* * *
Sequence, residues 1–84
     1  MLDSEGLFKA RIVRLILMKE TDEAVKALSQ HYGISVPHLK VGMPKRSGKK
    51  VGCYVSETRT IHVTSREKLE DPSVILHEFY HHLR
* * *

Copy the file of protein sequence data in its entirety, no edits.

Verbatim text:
Sequence, residues 1–84
     1  MLDSEGLFKA RIVRLILMKE TDEAVKALSQ HYGISVPHLK VGMPKRSGKK
    51  VGCYVSETRT IHVTSREKLE DPSVILHEFY HHLR